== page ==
The State of Healthcare Construction

Posted on Feb 11, 2014 by Rob Chartier

With 2013 coming to an end, Rob Chartier, vice president of healthcare for Miron Construction Co., Inc., provides a look back at the healthcare construction industry and provides a glimpse into trends that can be expected in the upcoming year.

1. What have you seen in healthcare construction in 2013 as far as trends, new building projects vs. additions or remodels, etc.?

We have seen significant growth in the senior living market. New trends in resident-centered care models are rendering many older facilities obsolete or uncompetitive. Demand has been growing naturally as a function of demographics, and resurgence in the home market and home values has allowed seniors to recuperate much of the equity they had lost in the market downturn, making the sale of their residences more palatable. Critical access hospitals continue to be a strong segment as well. Replacement of these facilities is now becoming a matter of survival for some of the smaller, independent providers, and those that are forming partnerships with larger systems are now finding financial resources they have not previously had.

2. What are some healthcare projects Miron has completed in 2013?

Completed projects in 2013 include:
• Advanced Pain Management Clinic build out – Grand Chute
• Aspirus Pine Ridge Surgery Center build out
• Aspirus Wausau MRI Remodel
• Beaver Dam Community Hospital Hyperbaric Wound Care
• Beaver Dam Community Hospital Interventional Radiology Addition
• Bellin Allouez SW Office build out
• Fox Valley Technical College Health Simulation and Technology Center
• Holy Family Memorial Hospital Women’s and Children’s Center Remodel
Langlade Critical Access Hospital Replacement
• Marshfield Clinic FHC Black River Falls Dental Clinic
• Marshfield Clinic Patient Assistance Center Remodel
• St. Vincent Hospital Electrical Vault and Chiller Replacement

3. How has patient-centered design driven the industry?

Patient-centered design has forced us to re-evaluate how we, as AEC teams, collaborate with owners in the preconstruction phase of projects. In order to understand what the main project drivers for patients and caregivers are, we have been forced to seek their direct input in both the architectural and process design. We can no longer plan these facilities in a vacuum and expect to deliver on the expectations of patients.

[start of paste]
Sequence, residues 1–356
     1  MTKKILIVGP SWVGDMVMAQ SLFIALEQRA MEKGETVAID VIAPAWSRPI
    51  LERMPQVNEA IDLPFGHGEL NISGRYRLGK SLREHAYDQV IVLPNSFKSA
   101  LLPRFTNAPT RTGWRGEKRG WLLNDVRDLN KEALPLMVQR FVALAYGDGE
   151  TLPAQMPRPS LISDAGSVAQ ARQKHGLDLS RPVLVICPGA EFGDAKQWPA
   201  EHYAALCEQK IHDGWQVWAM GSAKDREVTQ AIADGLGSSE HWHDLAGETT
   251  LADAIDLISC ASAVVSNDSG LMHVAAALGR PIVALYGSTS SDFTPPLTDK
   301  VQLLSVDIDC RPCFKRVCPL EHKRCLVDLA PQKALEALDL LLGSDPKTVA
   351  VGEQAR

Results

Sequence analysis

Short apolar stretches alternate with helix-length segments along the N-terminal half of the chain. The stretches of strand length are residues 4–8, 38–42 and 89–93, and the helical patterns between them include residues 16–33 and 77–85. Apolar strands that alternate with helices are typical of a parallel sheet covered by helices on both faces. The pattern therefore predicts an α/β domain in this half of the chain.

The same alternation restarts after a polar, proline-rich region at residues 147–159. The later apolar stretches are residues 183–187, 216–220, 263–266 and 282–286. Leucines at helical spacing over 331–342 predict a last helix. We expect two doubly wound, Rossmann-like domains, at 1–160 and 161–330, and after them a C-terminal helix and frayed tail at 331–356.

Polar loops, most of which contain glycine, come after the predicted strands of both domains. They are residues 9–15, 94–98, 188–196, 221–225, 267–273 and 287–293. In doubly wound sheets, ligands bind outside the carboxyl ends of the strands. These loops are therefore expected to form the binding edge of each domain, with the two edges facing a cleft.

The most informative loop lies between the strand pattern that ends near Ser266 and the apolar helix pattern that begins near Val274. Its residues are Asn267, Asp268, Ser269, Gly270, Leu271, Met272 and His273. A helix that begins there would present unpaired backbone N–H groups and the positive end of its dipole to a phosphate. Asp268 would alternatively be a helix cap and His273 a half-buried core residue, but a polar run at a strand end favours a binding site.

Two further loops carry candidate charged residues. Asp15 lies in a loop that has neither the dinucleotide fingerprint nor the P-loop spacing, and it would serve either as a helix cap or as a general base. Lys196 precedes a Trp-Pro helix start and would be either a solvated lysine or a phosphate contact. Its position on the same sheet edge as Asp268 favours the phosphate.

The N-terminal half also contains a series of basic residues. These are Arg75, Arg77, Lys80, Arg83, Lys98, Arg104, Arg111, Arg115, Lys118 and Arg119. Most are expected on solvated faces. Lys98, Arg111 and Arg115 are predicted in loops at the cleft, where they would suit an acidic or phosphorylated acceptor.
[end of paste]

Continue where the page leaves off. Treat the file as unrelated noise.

4. Are there any trends you see on the horizon for 2014?

The new trends in healthcare construction will be driven by the Affordable Care Act. We expect that there will be a push toward outpatient and preventative medicine. Buildings like freestanding emergency rooms, specialty clinics, ambulatory surgery centers and medical office buildings should predominate. As far as existing hospitals, renovations for outpatient centers of excellence may become prevalent. A common facility upgrade we can expect is making improvements to reduce re-admissions and hospital-borne infections and injuries.


About Rob Chartier

As vice president of healthcare for Miron Construction, Rob Chartier is responsible for developing, directing and guiding Miron’s strategic healthcare vision as well as its construction efforts, through business development, the implementation of pre-construction services and the creation and maintenance of client relationships within the healthcare marketplace. Rob is currently serving as the first Chairman of the Lean Construction Institute – Wisconsin Community of Practice, whose purpose is to build knowledge of lean in the architecture, engineering and construction community and to create a regional forum for practitioners of lean to share their experiences and help other organizations in their pursuit of continuous improvement. Rob has worked in the healthcare construction industry for the past 20 years and is a graduate of the University of Colorado – Boulder where he earned his Bachelor of Science degree in Architectural Engineering as well as a Bachelor of Arts degree in Economics. He is also a licensed Professional Engineer.

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